The government has done so. Section IV.C.6 now includes a new provision for “identify[ing] and remov[ing] child exploitation material, including child pornography, from NSA systems.” NSA Querying Procedures § IV.C.6.f. The Court finds that the addition of this narrow exception has no material impact on the sufficiency of the querying procedures taken as a whole.

At first, I thought they were doing this to protect the children. Indeed, my initial concern was that NSA was using these scans to expand the use of NSA queries for what wound up being law enforcement action, such that they could ask to do similar scans for the seven other crimes they’ve authorized sharing FISA data on (though of the other crimes, only snuff videos would be as easy to automate as child porn, which has a well-developed technology thanks to Facebook and Google). I thought that, once they scanned their holdings, they would alert whatever authority might be able to rescue the children involved that they had been victimized. After all, under all existing minimization procedures, the NSA can share proof of a crime with the FBI or other relevant law enforcement agency. Indeed, in 2017, FISC even authorized NSA and FBI to share such evidence of child exploitation with the National Center for Missing and Exploited Children, so they could attempt to identify the victims, help bring the perpetrators to justice, and track more instances of such abuse.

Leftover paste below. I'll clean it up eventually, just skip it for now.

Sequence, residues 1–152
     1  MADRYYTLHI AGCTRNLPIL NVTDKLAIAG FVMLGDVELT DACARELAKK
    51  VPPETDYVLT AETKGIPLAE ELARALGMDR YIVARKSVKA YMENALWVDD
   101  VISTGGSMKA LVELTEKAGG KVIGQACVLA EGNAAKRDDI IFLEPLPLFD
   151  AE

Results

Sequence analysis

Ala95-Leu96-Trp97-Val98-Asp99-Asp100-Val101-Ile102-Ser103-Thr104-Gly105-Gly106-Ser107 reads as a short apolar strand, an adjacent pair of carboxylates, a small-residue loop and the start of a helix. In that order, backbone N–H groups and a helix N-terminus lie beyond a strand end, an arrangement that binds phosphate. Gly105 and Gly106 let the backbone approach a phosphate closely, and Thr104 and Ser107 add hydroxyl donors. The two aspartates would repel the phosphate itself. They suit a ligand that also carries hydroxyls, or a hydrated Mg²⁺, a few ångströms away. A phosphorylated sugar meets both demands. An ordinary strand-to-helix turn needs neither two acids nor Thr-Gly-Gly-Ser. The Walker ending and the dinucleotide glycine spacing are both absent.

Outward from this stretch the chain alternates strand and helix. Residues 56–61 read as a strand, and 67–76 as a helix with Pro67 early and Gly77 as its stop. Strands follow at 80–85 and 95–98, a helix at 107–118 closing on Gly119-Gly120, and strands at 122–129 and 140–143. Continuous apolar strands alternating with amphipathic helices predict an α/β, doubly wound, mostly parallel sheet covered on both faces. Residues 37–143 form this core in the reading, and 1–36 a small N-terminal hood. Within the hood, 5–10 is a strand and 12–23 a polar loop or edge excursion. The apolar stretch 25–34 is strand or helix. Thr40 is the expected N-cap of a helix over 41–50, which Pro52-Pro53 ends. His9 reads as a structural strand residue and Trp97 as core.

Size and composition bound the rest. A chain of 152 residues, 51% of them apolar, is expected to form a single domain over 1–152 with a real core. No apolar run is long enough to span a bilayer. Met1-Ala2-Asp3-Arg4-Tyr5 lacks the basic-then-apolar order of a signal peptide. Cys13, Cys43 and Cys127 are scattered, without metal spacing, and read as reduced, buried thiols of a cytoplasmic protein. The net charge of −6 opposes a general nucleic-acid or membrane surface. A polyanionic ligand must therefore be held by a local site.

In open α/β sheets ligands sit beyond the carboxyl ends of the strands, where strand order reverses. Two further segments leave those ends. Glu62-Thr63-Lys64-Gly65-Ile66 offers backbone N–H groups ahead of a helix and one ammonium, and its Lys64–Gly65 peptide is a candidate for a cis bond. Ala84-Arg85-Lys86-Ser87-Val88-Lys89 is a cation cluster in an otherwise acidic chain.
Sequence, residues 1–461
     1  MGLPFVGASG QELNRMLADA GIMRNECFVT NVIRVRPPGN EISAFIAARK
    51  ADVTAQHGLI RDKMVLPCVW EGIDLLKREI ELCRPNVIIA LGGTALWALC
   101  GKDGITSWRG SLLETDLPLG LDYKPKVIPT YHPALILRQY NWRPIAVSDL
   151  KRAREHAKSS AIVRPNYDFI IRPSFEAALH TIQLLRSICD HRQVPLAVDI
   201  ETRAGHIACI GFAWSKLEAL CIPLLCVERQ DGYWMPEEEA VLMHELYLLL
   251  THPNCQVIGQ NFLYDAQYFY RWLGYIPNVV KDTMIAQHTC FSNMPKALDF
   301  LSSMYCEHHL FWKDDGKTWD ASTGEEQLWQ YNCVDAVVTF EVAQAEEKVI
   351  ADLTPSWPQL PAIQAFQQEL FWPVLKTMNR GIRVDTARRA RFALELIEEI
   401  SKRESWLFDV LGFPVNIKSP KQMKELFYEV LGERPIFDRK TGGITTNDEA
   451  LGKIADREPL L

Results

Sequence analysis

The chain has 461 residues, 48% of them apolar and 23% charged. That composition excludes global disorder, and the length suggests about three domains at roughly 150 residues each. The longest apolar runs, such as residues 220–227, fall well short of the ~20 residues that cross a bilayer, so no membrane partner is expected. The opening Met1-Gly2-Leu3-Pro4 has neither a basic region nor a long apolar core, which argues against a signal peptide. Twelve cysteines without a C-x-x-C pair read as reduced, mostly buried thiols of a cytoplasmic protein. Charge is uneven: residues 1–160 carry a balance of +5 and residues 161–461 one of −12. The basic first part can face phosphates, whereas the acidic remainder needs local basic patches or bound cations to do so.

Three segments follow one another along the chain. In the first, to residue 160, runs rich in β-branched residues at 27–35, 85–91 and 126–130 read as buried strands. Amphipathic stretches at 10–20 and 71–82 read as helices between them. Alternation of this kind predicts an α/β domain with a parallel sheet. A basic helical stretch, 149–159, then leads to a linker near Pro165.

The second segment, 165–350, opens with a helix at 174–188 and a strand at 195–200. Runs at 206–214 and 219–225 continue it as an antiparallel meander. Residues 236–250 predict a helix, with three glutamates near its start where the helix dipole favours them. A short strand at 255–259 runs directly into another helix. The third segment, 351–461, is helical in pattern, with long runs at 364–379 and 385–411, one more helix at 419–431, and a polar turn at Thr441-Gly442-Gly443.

But that doesn’t appear to be what’s happening.

Indeed, as described, “saving the victims” is not the purpose of these scans. Rather, preventing NSA personnel from having to look at George Nader’s pictures showing goats sexually abusing small boys is the goal. When I asked the government about this, NSA’s Director for Civil Liberties, Privacy and Transparency, Rebecca Richards, distinguished finding child exploitation material in the course of intelligence analysis — in which case it’ll get reported as a crime — from this, which just removes the content.

NSA does not query collected foreign intelligence information to identify individuals who may be in possession of child exploitation material. This particular provision allows NSA to identify and remove known or suspected child-exploitation material (including child pornography) from NSA systems.